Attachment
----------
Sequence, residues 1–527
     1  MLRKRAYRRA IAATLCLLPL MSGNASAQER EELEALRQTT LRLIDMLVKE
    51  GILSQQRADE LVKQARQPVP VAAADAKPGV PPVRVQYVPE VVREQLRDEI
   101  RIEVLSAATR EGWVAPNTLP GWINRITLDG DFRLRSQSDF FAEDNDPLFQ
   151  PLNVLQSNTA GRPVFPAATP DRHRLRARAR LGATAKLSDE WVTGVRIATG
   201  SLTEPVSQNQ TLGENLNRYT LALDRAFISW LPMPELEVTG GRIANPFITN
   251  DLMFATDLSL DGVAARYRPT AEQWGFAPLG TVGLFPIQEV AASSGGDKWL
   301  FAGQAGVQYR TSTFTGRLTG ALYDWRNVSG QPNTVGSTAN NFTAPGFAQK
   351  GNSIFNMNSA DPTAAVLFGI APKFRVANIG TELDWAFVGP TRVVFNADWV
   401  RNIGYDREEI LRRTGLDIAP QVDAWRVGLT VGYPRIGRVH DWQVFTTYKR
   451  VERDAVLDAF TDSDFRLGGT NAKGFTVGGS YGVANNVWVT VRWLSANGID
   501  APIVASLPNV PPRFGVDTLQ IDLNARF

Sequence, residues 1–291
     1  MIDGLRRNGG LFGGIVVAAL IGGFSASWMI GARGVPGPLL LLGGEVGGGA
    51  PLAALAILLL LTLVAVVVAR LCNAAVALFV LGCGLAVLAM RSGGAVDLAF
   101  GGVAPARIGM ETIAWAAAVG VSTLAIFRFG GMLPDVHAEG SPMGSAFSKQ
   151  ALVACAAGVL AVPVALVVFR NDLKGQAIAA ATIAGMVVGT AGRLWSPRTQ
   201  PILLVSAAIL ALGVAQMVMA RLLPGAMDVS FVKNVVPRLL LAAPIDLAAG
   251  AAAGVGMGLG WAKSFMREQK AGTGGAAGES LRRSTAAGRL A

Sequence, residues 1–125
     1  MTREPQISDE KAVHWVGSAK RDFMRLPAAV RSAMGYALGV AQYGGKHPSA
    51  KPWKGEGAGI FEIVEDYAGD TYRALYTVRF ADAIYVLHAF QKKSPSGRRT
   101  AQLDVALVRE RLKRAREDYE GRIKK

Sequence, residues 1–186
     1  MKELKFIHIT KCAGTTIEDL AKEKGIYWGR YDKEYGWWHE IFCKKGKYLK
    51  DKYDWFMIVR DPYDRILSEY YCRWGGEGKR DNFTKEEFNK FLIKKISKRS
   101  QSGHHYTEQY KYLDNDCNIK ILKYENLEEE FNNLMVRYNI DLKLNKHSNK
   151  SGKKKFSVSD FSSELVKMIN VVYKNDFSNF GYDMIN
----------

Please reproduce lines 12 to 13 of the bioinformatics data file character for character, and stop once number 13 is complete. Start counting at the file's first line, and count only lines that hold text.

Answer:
   501  APIVASLPNV PPRFGVDTLQ IDLNARF

Sequence, residues 1–291